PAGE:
I just wanted to bring this article to your attention. I’m not a self professed feminist because I’m not into labels. However, I believe it’s very possible to be a feminist and a Christian. I know and communicate with a lot of intelligent and loving Christian feminists. Anyway, just wanted to make you aware of this article and discussion. It would be good to hear from the other side of the discussion.
Hi, good question!
I disagree with the article you link to. What the article does is called creating a straw man: Formulating a weak/ silly version of your opposition’s argument so you can easily knock it down.
Katie McCoy gives multiple sources to show there are believers who call themselves feminists, but not the slightest bit of evidence for “The feminist reader filters the biblical text through her personal awareness of women’s collective experiences (most often experiences of oppression). These experiences determine what in the Bible is valid.”
That is firstly a redefinition of feminism, and secondly a baseless statement of which, between feminism and the Bible, is most important to the Christian feminist.
1) Redefining feminism:
Feminism, according to the dictionary, is believing in equal social, economic, etc. opportunities for men and women, and working to achieve such equality for women.
Others would rather define feminism as freeing women from oppression. One of the reasons is that, if a woman socialized to always be the least and give in works with a man who have been taught to expect compliance from women, and both have theoretically equal say, the man will use his say more – freedom from oppression is not achieved yet. Another is that “freedom from oppression” makes it easier to see why feminists concern themselves with things like rape laws.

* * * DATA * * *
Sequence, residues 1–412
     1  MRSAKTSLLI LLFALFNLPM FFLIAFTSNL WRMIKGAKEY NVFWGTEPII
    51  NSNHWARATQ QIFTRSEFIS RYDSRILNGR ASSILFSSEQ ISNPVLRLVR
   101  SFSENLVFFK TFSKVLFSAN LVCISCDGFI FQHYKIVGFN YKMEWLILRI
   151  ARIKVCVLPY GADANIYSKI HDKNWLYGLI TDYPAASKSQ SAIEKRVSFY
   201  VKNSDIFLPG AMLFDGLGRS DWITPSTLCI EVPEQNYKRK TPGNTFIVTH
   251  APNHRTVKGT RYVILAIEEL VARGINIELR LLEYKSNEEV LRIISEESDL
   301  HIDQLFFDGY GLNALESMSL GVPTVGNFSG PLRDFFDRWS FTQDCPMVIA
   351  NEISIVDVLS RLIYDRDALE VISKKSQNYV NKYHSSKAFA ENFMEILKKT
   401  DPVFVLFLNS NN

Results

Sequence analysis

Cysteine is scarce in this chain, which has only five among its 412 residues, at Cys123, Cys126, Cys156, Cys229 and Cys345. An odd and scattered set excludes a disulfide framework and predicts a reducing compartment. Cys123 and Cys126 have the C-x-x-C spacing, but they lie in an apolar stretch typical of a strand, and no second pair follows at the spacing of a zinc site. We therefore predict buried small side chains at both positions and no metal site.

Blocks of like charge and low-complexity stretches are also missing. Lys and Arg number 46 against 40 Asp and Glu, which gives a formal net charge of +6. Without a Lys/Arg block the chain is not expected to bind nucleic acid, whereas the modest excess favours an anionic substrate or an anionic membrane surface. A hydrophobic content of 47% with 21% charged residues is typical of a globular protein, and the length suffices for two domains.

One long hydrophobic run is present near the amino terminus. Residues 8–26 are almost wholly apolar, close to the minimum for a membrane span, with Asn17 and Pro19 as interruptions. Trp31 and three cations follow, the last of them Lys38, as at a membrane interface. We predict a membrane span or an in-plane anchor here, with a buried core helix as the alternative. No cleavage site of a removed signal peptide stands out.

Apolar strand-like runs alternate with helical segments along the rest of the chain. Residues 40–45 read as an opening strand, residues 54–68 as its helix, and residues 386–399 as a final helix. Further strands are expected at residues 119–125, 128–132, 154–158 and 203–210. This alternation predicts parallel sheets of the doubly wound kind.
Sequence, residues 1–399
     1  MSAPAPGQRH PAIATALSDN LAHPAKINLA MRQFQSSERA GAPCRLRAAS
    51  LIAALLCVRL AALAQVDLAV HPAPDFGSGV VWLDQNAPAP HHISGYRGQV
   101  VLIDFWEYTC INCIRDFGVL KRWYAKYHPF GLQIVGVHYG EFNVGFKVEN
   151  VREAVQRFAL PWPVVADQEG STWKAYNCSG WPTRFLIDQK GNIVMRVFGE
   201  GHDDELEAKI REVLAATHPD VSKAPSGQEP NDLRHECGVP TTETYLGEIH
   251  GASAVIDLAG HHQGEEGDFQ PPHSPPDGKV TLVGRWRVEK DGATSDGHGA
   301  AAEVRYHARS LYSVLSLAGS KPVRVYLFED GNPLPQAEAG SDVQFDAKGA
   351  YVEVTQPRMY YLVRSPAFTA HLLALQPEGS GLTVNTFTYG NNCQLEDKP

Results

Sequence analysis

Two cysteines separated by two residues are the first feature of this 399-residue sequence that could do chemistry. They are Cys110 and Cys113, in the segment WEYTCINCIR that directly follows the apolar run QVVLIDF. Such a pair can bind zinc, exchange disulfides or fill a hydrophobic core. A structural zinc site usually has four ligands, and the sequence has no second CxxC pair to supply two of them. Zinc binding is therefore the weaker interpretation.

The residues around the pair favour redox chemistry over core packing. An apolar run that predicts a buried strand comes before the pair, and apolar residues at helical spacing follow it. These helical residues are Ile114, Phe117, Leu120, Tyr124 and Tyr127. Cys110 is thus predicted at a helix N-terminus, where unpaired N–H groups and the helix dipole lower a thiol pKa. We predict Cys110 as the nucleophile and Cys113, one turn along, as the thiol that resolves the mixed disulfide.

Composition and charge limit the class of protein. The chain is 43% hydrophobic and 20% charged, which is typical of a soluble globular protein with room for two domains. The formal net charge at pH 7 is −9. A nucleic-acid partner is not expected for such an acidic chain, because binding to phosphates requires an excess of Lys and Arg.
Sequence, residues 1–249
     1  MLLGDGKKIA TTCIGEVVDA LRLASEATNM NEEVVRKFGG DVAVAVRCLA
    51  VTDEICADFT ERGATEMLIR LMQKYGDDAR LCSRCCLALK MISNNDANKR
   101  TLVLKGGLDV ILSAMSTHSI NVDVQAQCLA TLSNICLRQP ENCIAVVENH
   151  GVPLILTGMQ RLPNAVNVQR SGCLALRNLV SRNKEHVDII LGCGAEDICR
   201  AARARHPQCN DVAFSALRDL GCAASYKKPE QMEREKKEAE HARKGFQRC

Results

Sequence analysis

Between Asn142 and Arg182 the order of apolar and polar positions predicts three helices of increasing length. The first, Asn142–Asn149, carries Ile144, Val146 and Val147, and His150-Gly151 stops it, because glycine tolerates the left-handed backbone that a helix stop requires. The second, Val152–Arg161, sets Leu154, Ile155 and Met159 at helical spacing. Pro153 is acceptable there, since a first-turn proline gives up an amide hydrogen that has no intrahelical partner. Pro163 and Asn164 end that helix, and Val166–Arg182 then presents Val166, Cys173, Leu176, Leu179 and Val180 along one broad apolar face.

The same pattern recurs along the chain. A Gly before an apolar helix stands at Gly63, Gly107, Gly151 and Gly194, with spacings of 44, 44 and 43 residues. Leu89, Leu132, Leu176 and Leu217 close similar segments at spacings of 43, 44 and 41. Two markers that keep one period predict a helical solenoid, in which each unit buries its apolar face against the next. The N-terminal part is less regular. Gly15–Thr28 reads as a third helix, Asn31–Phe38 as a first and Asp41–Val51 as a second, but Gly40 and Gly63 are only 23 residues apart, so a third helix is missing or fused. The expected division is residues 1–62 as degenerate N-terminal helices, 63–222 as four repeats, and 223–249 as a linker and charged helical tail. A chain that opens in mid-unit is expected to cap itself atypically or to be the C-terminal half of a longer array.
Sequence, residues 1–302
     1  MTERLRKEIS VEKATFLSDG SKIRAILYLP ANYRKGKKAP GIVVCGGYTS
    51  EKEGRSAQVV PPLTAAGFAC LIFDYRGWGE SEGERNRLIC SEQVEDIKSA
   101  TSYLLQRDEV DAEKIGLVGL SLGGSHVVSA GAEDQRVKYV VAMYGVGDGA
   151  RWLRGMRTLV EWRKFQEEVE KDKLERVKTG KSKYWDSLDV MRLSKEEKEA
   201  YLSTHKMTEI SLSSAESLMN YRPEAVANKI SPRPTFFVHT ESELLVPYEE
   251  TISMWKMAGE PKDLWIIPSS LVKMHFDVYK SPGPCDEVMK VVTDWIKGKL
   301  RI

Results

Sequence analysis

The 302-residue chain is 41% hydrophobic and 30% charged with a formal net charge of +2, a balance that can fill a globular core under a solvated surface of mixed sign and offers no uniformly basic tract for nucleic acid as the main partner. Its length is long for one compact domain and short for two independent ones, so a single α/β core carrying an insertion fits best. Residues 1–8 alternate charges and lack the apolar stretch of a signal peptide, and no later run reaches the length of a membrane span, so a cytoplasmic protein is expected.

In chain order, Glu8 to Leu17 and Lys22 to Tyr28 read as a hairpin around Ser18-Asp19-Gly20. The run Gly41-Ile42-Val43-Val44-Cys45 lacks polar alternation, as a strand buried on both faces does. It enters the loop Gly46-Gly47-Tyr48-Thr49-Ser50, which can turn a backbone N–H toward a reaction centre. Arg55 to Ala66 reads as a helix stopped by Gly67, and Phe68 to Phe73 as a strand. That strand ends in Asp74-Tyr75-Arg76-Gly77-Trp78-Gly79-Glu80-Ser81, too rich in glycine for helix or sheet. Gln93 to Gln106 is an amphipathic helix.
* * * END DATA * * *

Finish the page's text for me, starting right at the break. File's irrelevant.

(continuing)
Feminism does not mean reading everything in the light of female experiences. When feminism talks from a female experience, it is as opposed to always talking from only the male experience. It is not about women replacing God, but about women adding the other part of the truth in a world that speaks mostly from the earthly male perspective. Of course, in a world where God calls believers not to lord it over others, to love others as ourselves, where Jesus can be seen in the least; in such a world God calls us to see the perspective of those who are undervalued as much as the perspective of the top dogs. Ultimately, a Christian follows God, neither male nor female perspectives. But a Christian should still value both male and female experiences for what they are worth.
2) Telling us which will be the highest priority of the Christian feminist:
If a Christian is into helping the poor/ freeing people from oppression/ encouraging people to love one another/ making peace, does that mean the highest priority of such a believer is helping the poor/ freeing people from oppression/ encouraging people to love one another/ making peace, as opposed to following God?
Whenever people who call themselves Christians are against something, the easy accusation, false or true, is: “The goal of [those who do this something] is more important to them than God is!” However, the article writer provides no evidence that Christian feminists will put the female perspective before the Bible, or, by the theories they adhere to, should do so.
As for calling myself a feminist, I do not. People like, for example, Katie McCoy in this article, spread so much misinformation on feminism that I fear people will misunderstand if I say I am. But if people who know the meaning of “feminist” call me one, they are correct: I am. I am not quite sure I like the name, though.